Nuclear energy monopolies are shielding their shareholders and putting Minnesota ratepayers at risk to pay for costly power plant improvements.

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A Bailout For Nuclear Power Plants Would Be An Economic Explosion

By Mark Perry, Professor at Flint Campus of The University of Michigan

The most ludicrous thing about a bailout for money-losing nuclear plants in Minnesota, which Xcel Energy is seeking under the guise of a reactor improvement program and which the state legislature is now considering, is that it purportedly relies on regulatory oversight and would be a good deal for electricity users and prevent the loss of jobs.

To save financially-ailing nuclear plants, state legislatures in Illinois and New York last year approved subsidies to keep the plants operating after utilities made appeals about protecting consumers and jobs. But other proposed bailouts of nuclear plants have stalled in New Jersey, Connecticut, Massachusetts, Ohio and Pennsylvania. By doing the right thing – adhering to free-market principles – these states have managed to steer clear of similar bailouts.

What’s particularly remarkable about the situation in Minnesota is that it seems disconnected from the needs of the state’s economy and consumers. Under a bill that’s been sharply criticized by the Minnesota Chamber of Commerce and ratepayer advocates, Xcel would submit its nuclear plant improvement tab – an additional $1 billion to keep its 45-year-old Prairie Island nuclear plant running and at least $420 million for its even older Monticello nuclear plant – to the Minnesota Public Utilities Commission (PUC) for approval.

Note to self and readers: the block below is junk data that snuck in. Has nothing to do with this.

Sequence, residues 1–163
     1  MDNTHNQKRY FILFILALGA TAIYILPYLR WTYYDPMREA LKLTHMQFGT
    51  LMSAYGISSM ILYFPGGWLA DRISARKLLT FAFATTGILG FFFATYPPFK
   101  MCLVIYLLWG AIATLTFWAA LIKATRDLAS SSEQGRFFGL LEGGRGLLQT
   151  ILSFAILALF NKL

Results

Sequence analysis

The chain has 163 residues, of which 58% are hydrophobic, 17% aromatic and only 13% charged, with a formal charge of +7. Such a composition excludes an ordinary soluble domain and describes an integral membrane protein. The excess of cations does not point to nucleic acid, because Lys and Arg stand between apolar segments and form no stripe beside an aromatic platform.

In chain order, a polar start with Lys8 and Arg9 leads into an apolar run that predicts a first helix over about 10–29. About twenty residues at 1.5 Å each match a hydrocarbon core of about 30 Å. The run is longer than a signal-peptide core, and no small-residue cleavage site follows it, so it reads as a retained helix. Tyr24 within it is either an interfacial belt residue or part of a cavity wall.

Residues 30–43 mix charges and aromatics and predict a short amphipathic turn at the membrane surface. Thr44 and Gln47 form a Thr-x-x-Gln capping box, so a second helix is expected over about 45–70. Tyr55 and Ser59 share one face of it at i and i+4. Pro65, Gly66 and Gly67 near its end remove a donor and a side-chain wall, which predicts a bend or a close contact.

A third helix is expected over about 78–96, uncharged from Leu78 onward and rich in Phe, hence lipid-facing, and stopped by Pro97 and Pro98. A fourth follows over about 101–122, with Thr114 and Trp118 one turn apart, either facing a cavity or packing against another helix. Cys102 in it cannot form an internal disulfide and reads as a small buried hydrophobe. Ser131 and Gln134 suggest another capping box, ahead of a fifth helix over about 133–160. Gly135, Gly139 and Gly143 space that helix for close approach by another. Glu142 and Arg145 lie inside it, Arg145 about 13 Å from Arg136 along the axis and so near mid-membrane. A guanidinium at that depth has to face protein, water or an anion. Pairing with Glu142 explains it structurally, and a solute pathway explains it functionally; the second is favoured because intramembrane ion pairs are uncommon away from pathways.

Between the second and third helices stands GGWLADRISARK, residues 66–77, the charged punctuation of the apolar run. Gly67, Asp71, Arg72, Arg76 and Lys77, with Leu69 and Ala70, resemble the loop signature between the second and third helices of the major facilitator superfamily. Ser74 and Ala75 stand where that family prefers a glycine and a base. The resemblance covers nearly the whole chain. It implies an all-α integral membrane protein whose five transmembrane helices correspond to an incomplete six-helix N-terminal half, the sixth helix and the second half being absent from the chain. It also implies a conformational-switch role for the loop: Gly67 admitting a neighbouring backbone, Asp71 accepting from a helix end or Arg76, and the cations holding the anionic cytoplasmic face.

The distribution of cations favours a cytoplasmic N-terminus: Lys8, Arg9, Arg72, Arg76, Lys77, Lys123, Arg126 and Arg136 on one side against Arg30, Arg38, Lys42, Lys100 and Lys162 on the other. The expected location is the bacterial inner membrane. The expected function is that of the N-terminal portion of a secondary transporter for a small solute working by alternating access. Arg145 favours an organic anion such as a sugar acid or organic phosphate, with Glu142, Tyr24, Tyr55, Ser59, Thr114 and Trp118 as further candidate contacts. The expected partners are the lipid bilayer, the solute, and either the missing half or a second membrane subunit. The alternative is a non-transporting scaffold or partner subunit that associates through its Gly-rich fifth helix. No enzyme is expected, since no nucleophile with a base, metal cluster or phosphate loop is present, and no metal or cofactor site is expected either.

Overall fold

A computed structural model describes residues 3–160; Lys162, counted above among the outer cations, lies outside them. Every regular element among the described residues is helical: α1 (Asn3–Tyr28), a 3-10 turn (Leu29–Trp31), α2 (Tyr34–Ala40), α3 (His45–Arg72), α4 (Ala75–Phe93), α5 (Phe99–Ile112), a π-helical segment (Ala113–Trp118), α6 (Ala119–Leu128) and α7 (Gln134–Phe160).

The tab would be for capital investments as well as operations and maintenance expenses over the next 17 years. Although it would be handled in the same way as a traditional rate case, the approval process would actually weaken PUC’s power by allowing Xcel to get approval up front for future expenses, in effect giving Xcel a blank check.

The cost of nuclear plant improvements would be added to electricity users’ bills. Xcel says that carbon-free nuclear power is needed to meet the company’s carbon-mitigation goal, which is to obtain 85% of its electricity from zero-carbon sources by 2030.

But the claim that using subsidies to keep financially-ailing nuclear plants on line would be good for consumers and the environment is questionable at best. Switching to clean natural gas, wind and solar power would be much cheaper.

The simple truth is that the nuclear improvement program – or bailout – is really an effort to protect the company from the cost of having to shut down two nuclear plants that can no longer compete in electricity markets with natural gas and renewables.

In this regard, the Prairie Island and Monticello plants are plagued by some of the same financial problems that are typical of many other nuclear plants around the country. While the cost of producing natural gas as well as wind and solar power has dropped dramatically, replacement costs for nuclear-plant components like turbines and steam generators has soared. Since 2013, five U.S. nuclear plants have closed and eight others are scheduled to shut down in the next few years. Experts say that many other nuclear plants are at risk of closing.

Subsidizing nuclear power is poor public policy. It is disconnected not only from the real interest of electricity users but also from the efficient and cost-effective operation of the electricity system itself. Natural gas can generate electricity more cost-effectively and also meet surge needs during extreme weather. This is why an effort to bail out the financially-troubled Prairie Island and Monticello nuclear plants in Minnesota is a bad idea. The nuclear industry knows that its days are numbered.

Mark J. Perry is a scholar at The American Enterprise Institute and professor of economics at the Flint campus of The University of Michigan.

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